Mannitol Information and Courses from MediaLab, Inc.
These are the MediaLab courses that cover Mannitol and links to relevant pages within the course.
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|Clostridium Quad Plate|
Key reactions for the identification of Clostridium septicum are demonstrated in the two quadrant plates shown in the images to the right. Included in the upper image are reactions for milk (casein) proteolysis (12 o'clock quadrant), glucose fermentation, DNAse hydrolysis, and starch hydrolysis respectively reading clockwise. The media in the quadrant plate shown in the lower image include gelatin hydrolysis (2 o'clock quadrant) and fermentation of each of mannitol, lactose, and rhamnose respectively, reading clockwise. Milk (casein) hydrolysis and glucose fermentation are key reactions for the identification in the upper plate, including no proteolysis of milk, fermentation of glucose (yellow red color along the inoculation streak), positive DNAse (reddish clearing around the streak) ,and a negative reaction for starch. Key reactions in the lower plate include hydrolysis of gelatin, fermentation of lactose (yellow pigment), and negative reactions for mannitol and rhamnose (no pigment). Most strains of C. perfringens hydrolyze starch and produce proteolysins of milk, the key reactions that distinguish C. septicum (negative). Reactions to the other tests do not distinguish between the two.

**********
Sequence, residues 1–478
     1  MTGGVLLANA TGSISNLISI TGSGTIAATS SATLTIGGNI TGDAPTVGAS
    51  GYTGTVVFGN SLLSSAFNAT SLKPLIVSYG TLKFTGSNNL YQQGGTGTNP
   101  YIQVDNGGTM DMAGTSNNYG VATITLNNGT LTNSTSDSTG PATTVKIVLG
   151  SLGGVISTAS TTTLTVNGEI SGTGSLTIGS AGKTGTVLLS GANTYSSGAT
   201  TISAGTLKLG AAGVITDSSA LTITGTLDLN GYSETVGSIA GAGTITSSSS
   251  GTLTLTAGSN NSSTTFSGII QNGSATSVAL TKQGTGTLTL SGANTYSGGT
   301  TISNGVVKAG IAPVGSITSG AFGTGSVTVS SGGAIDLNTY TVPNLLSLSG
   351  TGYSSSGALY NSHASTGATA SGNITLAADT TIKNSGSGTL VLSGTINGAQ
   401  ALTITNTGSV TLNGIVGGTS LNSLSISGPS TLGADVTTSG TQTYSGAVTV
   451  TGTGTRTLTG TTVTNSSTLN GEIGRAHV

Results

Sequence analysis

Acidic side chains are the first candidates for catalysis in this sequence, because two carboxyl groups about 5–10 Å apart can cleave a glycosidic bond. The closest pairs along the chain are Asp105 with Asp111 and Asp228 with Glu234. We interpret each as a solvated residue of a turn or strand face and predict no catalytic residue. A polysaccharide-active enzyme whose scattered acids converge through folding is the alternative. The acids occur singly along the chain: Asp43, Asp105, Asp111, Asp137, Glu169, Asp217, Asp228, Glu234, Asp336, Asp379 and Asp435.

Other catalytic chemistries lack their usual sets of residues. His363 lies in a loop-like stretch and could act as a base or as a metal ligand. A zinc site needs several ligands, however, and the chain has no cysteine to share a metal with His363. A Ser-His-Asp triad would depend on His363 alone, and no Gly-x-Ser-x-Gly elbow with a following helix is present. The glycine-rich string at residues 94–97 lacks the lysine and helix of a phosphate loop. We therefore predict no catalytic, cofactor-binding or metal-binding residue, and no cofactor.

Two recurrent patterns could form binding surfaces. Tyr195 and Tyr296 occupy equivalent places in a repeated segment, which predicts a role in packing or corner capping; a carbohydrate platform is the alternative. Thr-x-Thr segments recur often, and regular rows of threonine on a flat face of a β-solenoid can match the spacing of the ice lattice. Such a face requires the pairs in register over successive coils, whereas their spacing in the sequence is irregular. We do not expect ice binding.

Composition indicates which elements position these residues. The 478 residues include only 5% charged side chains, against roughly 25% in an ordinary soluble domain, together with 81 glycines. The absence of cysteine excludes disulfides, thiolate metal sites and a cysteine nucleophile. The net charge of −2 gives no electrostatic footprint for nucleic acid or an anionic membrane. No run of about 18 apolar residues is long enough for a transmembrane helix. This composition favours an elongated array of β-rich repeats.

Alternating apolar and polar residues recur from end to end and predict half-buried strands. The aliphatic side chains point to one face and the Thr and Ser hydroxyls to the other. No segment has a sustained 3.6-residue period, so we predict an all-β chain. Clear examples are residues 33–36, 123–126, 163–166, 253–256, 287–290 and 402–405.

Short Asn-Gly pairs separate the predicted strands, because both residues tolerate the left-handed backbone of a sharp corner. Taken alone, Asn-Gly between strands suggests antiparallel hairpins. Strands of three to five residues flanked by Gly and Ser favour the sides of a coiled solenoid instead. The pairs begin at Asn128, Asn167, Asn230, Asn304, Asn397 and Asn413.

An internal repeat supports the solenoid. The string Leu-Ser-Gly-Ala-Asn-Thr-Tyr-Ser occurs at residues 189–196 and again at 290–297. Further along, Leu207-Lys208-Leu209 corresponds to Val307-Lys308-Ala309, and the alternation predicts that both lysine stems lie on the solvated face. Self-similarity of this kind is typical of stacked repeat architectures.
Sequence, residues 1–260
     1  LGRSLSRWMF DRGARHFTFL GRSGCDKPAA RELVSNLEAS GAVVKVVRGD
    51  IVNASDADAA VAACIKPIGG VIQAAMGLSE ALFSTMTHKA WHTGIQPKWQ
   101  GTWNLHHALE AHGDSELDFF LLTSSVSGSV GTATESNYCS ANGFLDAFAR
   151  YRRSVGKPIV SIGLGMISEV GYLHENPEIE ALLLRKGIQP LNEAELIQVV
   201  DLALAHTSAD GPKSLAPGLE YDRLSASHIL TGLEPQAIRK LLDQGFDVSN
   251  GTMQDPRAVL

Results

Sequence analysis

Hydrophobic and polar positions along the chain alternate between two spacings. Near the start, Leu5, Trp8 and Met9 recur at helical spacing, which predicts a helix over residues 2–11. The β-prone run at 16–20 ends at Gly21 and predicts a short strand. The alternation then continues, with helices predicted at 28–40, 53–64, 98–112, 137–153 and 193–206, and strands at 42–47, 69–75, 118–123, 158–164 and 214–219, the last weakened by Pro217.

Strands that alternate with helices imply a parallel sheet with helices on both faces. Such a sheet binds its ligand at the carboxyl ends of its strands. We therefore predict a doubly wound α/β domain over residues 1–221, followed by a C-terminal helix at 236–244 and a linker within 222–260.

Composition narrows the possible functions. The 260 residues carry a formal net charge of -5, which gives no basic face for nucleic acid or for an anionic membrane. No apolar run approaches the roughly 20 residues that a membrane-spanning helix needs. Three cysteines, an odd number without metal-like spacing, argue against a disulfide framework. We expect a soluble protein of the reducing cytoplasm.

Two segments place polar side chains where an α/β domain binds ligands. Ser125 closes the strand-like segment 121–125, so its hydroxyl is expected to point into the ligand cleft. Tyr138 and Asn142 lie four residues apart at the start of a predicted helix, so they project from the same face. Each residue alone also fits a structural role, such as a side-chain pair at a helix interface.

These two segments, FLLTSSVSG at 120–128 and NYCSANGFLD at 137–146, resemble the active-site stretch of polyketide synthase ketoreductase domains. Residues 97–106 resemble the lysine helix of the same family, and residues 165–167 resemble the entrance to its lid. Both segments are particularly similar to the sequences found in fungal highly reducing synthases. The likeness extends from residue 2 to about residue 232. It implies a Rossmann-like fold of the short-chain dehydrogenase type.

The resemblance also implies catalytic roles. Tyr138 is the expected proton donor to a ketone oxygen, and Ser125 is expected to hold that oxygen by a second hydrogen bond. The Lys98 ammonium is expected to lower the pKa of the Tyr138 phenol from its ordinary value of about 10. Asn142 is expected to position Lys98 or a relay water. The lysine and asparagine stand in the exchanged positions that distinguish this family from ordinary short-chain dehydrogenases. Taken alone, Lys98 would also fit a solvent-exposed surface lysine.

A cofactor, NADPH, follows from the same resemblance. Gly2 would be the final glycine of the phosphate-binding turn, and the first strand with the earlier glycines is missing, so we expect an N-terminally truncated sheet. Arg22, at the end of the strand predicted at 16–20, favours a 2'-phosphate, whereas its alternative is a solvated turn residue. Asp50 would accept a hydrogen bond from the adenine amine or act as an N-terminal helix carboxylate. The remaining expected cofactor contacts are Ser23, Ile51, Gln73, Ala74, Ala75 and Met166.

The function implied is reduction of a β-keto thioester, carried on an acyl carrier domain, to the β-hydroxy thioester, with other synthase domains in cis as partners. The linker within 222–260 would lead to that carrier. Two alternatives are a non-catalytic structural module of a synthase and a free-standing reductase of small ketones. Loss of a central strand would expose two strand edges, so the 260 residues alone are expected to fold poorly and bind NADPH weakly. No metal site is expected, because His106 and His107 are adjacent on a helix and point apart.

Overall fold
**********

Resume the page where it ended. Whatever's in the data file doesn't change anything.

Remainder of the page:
|The bacterial cells shown in the image were observed in a smear prepared from the colony shown before. Which of the following tests will help to affirm the identification of Staphylococcus aureus?||View Page|
|Staph aureus Mannitol|
The ability to grow in 6.5% NaCl and to produce acid from mannitol was once considered sufficient to identify S. aureus. Although other Staphylococcus species have these characteristics, mannitol salt agar, as shown here, can still be used for epidemiologic studies in suspected cases of S. aureus outbreaks. As shown in the image, the presence of colonies indicates the ability to grow on 6.5% NaCl; and, the yellow pigment of the colonies indicates acid production from mannitol.
|Molecular Versus Culture - Pros and Cons|